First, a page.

Testing Java servlets reliably can often be difficult. Generally the main business logic is contained in a different class which can be tested in isolation, but in some cases it is necessary to have some logic in the servlet itself. It’s also nice to have a quick sanity check that the servlet is loading as it should be and generating the correct responses.
Servlets, like many other things that have several reliant services, can be difficult to test as they tend to require a full web stack, such as an application server and database. These reliant services can often fail resulting in unreliable tests, which can be a nightmare in a continuous integration system. Thankfully the Jetty servlet tester can help overcome these issues.
Jetty Servlet Tester
The Jetty servlet tester library uses an embedded Jetty application server and can be used to write unit tests that test the functionality of our application server while mocking out any services the tests rely on.
Using the servlet tester is pretty straightforward. First, make sure the servlet tester jar is on the Java classpath either by manually adding it or adding it as a build dependency; you can find it in the Maven central repository here.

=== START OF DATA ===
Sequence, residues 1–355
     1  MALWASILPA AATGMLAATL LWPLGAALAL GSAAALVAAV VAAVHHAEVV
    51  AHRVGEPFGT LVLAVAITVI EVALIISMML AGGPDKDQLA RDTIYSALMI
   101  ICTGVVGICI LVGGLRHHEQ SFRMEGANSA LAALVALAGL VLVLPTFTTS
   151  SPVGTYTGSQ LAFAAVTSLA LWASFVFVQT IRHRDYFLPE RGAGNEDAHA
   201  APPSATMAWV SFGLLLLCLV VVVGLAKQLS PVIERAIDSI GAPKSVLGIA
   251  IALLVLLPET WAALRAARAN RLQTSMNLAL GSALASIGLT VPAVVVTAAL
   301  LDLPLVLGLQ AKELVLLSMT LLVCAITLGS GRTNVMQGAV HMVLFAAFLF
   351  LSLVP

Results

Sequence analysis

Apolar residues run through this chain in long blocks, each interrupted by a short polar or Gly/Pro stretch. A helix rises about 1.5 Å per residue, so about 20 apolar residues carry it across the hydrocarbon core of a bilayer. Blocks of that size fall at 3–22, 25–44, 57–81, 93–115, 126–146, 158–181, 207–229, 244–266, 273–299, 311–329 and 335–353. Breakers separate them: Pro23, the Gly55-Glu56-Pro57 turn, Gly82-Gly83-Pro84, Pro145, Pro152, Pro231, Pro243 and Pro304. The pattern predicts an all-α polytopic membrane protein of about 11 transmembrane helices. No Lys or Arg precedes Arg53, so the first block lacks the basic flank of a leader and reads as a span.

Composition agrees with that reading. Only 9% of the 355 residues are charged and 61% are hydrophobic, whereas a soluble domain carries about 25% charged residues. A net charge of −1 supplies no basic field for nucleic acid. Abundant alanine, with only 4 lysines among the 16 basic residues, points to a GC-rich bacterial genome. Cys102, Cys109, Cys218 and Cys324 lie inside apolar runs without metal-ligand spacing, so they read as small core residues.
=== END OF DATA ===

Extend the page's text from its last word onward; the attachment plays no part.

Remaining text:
Using Maven, Gradle or similar to add it to the classpath is by far the easier option as there are some transitive dependencies, such as the servlet API, that the servlet tester relies on.
Once the jars are on our classpath we can start writing some tests.
For this example I have created a very complex servlet – it simply responds to every request with “It works” and sets a header field that we can test.
Using the servelet tester is pretty straightforward. In our test we first create the server and add our servlet to it, specifying the context for the servlet.
ServletTester servletTester = new ServletTester();
We then create a request to send to the servlet, make the request, and retrieve the content.
HttpTester request = new HttpTester();
HttpTester response = new HttpTester();
Once we have the response we can then perform several checks on the response code, the content and various other headers.
There we have it, a quick test for our very complex servlet. These unit tests can then be extended to work with real life scenarios, perhaps reading expected content from a file, mocking out any other services such as databases and still run quickly and reliably.